Visits with Mimi

By: Darren Peabody

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She was in the living room when I got to her apartment.

“Hey Mimi, it’s your niece, Rose,” I announce as I close the door and walk over to the living room.

Mimi is sitting in her wheelchair in front of the TV. The 70-something year old woman sat there watching reruns of M*A*S*H coated in static.

“Rose! How are you? I didn’t realize you were coming over.” I lean down and kiss her forehead. She looks up and inspects my face. “Oh, is that scar new? You should be more careful sweetie,” she says, touching my cheek

“I’ll try Mimi,” I say, with a hint of sadness. “So what have you done today?” I sit down in the armchair next to her, facing the TV. I look at the clock. 4:48 p.m.

“I got up and dressed myself, and brushed my teeth—” She looked up, off into the distance as if searching for an answer out the window. “… and came in here and sat down and watched TV.”

“That’s good. Did anyone come by?” I ask.

“Well I had an appointment with the cable man. He was suppose to come by but ー I don’t remember when.”

“That’s okay, we have nowhere else to be,” I say, sinking deeper into the armchair. “Isn’t the static giving you a headache? What else can I put on for you?”

“I don’t know. The cable man was suppose to come by but he hasn’t yet.”

“Are you hungry? Do you want me to make your favorite?” I ask.

“Oh yes, I haven’t eaten all day,” she says, starting to get up. I stop her.

“No no, Mimi, I’ll get it for you. Don’t move.”

“I’m not as frail as you think, sweetie,” she says and as she settles back into her chair to watch M*A*S*H again. I put a blanket on her and kiss her forehead.

“I know,” I say, and make my way into the kitchen. The counters are empty. I open the breadbox and pull out the half loaf of white bread and put it on the counter. Then I retrieve the peanut butter and jelly from the fridge as well as a knife from the drawer. I spread the peanut butter on one slice, than jelly on the other and put the two together, cutting off the crust and giving the sandwich a diagonal cut. I bring it to Mimi in her chair.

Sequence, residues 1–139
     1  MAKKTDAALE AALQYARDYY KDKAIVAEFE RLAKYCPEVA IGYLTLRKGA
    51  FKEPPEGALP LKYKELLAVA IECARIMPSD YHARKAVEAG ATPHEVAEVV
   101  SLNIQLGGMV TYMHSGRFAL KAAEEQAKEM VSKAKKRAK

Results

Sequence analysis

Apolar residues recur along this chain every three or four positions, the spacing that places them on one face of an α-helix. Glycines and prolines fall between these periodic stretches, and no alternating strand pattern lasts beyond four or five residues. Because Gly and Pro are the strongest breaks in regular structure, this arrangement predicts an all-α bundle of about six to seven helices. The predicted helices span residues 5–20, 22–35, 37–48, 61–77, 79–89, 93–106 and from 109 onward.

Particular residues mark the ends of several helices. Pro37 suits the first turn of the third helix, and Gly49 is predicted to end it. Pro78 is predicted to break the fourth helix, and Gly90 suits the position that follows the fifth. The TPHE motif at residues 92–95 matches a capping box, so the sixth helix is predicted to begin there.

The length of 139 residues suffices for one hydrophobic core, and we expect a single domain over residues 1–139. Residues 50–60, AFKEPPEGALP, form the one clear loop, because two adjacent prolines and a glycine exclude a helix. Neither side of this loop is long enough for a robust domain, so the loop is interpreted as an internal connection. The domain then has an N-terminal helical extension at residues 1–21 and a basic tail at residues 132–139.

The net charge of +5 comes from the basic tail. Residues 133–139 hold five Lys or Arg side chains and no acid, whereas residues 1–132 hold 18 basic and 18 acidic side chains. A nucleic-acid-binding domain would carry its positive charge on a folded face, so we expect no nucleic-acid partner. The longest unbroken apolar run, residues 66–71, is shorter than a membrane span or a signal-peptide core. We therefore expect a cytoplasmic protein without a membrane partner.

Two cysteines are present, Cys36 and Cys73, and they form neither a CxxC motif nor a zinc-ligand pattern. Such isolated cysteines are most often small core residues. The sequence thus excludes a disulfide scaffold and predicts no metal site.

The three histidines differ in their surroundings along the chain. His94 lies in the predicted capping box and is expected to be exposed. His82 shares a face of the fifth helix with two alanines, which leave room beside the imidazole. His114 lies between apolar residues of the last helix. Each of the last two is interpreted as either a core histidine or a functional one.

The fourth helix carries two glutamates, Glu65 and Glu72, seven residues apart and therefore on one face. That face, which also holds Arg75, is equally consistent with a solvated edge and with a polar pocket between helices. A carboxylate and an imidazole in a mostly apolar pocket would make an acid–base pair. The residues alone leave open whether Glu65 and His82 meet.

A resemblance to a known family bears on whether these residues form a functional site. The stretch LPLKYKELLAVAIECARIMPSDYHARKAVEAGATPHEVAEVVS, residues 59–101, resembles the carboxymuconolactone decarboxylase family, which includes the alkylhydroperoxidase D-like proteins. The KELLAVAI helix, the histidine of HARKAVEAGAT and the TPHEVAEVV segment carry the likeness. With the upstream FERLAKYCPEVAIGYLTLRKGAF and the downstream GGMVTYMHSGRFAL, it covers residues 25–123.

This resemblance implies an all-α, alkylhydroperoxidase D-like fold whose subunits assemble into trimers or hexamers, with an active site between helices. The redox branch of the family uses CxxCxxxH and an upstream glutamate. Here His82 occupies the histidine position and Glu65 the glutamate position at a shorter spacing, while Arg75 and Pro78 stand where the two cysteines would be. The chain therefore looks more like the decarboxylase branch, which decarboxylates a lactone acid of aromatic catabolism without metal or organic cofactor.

“Oh thank you. Don’t forget to clean up the kitchen,” Mimi says, more of a command than a reminder.

I wash off the knife and put it back in the drawer. Then, screw the lids back on the peanut butter and jelly and return them to the fridge. The bread is placed back in the breadbox and I return to the living room. Mimi hadn’t taken a bite.

“Are you going to eat? I made it the way you like it, right?”

“Oh, yes yes. I wasn’t thinking. Is this peanut butter and jelly?” she asks.

“Yes, just the way you like it,” I reply.

“You’re such a good girl. Taking care of an old lady like me. Thank you.” She smiles warmly.

“You’re welcome, Mimi,” I say, heartwarmed by her gratitude.

Then she and I sat there. Hours ticked by as I kept her company through M*A*S*H, then the evening news, then Wheel of Fortune and Jeopardy. Until I finally had to leave.

“Sorry Mimi, but it’s getting late and I need to get home,” I say, getting up from the armchair that was slowly becoming a bed.

“So soon?” she asks, striking me with a saddened look.

“Yes, I’m sorry but I have to get up early tomorrow for work. But I promise I will be back tomorrow. Same time as always.”

“Well okay, don’t keep me waiting,” she says, giving a playful wink. “Did you clean the kitchen?”

“Yes Mimi, I cleaned the kitchen. Let me help you to bed.”

I roll her to her room and help her into her pajamas, and then into her bed. I kiss her on her forehead.

“Goodnight, Mimi. I love you.”

“Goodnight,” she responds.

I leave her apartment and head toward mine. The city at night was cold, bitterly cold. The short walk felt like a mile. When I finally got home, I went straight for my bed. I didn’t even brush my teeth or get into my pajamas. I had been awake 14 hours, I couldn’t afford another minute of consciousness.

After work the next day, I make my way back to Mimi’s. On my way there I pass the playground I use to spend my afternoons at when I was a kid. I remember the days, years ago, when me and my friends would play tag on the playscape, or see who could swing the highest. Or that one time when I went down the slide head first and hit the kid standing at the bottom. We both went crashing to the ground and I got that big gash on my chin. I was crying, but I helped the boy up, and together we went to get help.

I touch my scar, it feels hot, like the day I first got it.

I move on, over to Mimi’s. I get to her door and pause. I stare at the doorknob, hoping today would be different. Hoping for a miracle. I take a deep breath, and open the door.

“Hey Mimi, It’s your niece, Rose,” I announce. I make my way over to the living room, where Mimi sat, watching reruns of M*A*S*H coated in static.

“Rose! How are you? I didn’t realize you were coming over. Oh, is that scar new? You should be more careful sweetie.” she says, smiling.

“I’ll try, Mimi,” I say, smiling back. “I’ll try.”

Sometimes miracles never come.

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